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Nishit Garg

Nishit Garg

Biology, Pre-Med | Tulsa, Oklahoma | OU College of Medicine

Having witnessed disparity firsthand, Nishit Garg’s career goal is clear – to advocate for better healthcare for rural and underserved communities. 

Garg, who grew up in India before moving to Tulsa, Oklahoma, shared he began to think about healthcare disparity after his uncle had a stroke. His uncle ended up having to drive six hours to receive the proper care after his local doctor dismissed his symptoms as psychological. Now, he lives with speech and cognitive disabilities that Garg explained could possibly have been avoided if he received the correct medicine earlier. 

While his uncle’s story occurred in India, Garg has witnessed a similar lack of healthcare access throughout rural Oklahoma. He decided it was an area on which he wanted to focus while working in a medical clinic in Tulsa. Patients would come into the clinic from rural towns and smaller cities in the area, and some have pre-existing conditions but had not seen primary care doctors in a decade. Currently, Garg works for a retina specialist and has seen similar stories, including one patient who for years has had retinal hemorrhages and been blind but has not visited a specialist because of how far the trip is to Oklahoma from where they live. 

“If the most developed country in the world has this sort of disparity, then the least we can do is lead by example,” Garg said. “I was like, ‘This has to be solved. This has to be worth looking at.’”

Combining His Talents

After moving to Tulsa, where his cousin lives, Garg worked for a while before starting classes at Tulsa Community College. In spring 2018, he transferred to OU, where he studied biology on a pre-medicine track, with a minor in human relations. Garg has known since about the ninth grade that he wanted to attend medical school someday.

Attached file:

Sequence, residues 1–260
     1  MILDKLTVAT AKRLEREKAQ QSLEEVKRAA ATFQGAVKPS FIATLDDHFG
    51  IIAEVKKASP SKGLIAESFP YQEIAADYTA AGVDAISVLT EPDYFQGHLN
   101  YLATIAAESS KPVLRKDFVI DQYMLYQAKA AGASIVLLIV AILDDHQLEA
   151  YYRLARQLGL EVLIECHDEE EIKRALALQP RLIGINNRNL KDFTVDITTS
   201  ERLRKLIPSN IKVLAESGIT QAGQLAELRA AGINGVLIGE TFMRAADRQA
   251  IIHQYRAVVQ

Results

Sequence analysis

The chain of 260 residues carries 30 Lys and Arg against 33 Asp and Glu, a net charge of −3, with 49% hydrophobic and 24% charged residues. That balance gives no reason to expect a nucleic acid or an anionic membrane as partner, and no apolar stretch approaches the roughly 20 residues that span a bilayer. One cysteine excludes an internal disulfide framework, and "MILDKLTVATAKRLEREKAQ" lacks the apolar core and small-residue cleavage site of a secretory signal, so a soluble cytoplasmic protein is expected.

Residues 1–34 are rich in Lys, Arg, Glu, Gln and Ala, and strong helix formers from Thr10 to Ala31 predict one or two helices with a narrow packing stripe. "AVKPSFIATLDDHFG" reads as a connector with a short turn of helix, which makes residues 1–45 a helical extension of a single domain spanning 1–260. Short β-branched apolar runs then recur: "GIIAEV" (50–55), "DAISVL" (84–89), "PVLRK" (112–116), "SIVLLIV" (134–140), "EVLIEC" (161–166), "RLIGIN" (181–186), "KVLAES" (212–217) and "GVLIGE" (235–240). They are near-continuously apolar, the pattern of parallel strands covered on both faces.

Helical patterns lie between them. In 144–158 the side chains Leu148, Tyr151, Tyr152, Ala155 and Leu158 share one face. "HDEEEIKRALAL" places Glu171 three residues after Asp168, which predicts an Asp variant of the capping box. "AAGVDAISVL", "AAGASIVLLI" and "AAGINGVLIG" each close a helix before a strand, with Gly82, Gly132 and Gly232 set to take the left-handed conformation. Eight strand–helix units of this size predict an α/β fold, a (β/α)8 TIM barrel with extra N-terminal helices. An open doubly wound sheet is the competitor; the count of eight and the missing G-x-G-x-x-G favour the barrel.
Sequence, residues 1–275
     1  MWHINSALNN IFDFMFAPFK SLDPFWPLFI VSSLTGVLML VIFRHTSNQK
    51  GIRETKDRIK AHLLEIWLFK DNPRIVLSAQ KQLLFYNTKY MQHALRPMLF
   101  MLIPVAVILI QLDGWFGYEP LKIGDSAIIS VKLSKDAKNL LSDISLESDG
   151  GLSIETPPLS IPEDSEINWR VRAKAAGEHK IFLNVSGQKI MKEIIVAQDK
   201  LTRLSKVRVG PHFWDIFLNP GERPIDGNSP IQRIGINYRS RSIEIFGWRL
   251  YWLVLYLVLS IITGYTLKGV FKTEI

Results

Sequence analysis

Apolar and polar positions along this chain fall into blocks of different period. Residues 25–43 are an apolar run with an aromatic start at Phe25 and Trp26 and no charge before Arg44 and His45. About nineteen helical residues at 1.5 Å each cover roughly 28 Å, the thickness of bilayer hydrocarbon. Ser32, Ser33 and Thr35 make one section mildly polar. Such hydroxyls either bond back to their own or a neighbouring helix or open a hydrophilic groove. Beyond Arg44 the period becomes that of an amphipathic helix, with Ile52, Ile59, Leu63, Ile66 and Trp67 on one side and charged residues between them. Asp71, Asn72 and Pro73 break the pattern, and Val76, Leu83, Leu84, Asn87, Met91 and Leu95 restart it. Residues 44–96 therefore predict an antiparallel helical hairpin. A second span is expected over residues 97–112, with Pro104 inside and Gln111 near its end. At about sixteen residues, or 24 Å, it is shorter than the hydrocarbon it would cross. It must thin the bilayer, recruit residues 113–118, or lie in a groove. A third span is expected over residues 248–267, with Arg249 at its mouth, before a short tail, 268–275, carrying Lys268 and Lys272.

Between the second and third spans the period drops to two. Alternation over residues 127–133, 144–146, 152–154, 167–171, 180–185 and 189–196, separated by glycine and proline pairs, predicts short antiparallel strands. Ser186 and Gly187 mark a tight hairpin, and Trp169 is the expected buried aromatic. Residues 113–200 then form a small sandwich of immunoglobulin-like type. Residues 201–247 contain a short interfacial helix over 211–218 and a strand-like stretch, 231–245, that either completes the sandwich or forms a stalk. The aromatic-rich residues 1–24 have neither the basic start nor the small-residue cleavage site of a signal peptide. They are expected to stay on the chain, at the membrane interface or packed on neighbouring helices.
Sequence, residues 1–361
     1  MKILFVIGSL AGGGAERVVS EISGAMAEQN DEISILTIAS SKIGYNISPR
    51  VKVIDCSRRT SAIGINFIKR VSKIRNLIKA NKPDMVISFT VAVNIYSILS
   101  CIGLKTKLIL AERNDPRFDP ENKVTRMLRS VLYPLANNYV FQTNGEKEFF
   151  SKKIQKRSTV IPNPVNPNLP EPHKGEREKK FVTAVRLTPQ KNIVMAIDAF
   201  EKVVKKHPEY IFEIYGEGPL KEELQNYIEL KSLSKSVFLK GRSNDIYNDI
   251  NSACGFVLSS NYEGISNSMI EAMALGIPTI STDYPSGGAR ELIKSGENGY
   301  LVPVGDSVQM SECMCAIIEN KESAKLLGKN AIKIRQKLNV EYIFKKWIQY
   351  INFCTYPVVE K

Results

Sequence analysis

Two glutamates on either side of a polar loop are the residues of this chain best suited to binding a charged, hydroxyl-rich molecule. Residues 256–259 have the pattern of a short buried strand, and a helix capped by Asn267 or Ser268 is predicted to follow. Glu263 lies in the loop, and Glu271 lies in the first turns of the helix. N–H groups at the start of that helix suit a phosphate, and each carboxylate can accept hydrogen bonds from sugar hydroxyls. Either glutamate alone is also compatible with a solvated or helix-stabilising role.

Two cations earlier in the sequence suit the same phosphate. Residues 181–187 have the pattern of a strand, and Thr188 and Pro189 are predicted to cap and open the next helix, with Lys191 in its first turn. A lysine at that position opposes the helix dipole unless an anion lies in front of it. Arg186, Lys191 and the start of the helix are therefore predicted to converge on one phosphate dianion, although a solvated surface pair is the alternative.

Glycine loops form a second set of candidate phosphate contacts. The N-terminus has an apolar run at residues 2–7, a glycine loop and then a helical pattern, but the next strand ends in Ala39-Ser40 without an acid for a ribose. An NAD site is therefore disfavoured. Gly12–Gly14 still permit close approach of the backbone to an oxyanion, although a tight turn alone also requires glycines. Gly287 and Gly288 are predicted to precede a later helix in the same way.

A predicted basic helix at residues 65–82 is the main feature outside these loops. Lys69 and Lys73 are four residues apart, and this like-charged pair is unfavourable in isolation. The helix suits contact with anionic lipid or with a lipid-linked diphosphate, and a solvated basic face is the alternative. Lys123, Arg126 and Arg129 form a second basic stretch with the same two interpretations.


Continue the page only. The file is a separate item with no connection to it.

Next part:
“It was sort of a combination of what I’m good at academically and also the empathy I have for people who are suffering,” explained Garg, who was named this year’s outstanding senior for the College of Arts and Sciences. “Medicine is where I feel like I can put certain aspects of my personality to the best use.” 

In August, Garg will start at the OU College of Medicine in Oklahoma City. While he is unsure of what specialist he would like to enter and plans to find that along the way during his time in medical school, Garg mentioned infectious disease as one area he is interested in. He’s gained valuable experience by volunteering at Norman Regional Hospital and at an infectious disease clinic in Tulsa. Garg also served as a governing board member for the hospital in the rural community of Prague, Oklahoma.

Garg chose OU in part because he had heard great things about the university. He was also drawn to the campus once he learned about the diversity on campus and the various initiatives OU has, like the strong UWC Scholars program, ties to Native American culture, and more.

Nishit Garg

“I’ve learned I can be a better and more involved citizen. I was also made more aware of how to treat everyone with different backgrounds and cultures with respect.” 
- Nishit Garg

Using His Voice

Along with his medical school preparation, Garg was also a big proponent for diversity and inclusion on OU’s campus. He was active on the International Advisory Committee (IAC) and helped organize Eve of Nations, an annual event that showcases various cultures. 

“It was an enriching experience,” said Garg of his time on IAC. “I met people from countries that I hadn’t even heard of, to be frank. That blend of different cultures coming together and working together was amazing.” 

He also served as the International Student Liaison within the Student Government Association (SGA) executive cabinet. Through this newly created position, Garg focused on making sure OU is building a “very nurturing, diverse environment that welcomes everyone.” 

During his time at OU, Garg said he has become more aware of what’s within his reach as an individual. For example, through SGA, Garg has helped advocate for more halal, vegan, and gluten-free options for students. Being able to share concerns that students are facing with university administration has shown Garg that he has a voice. 

“I’ve learned I can be a better and more involved citizen,” Garg said. “I was also made more aware of how to treat everyone with different backgrounds and cultures with respect.”

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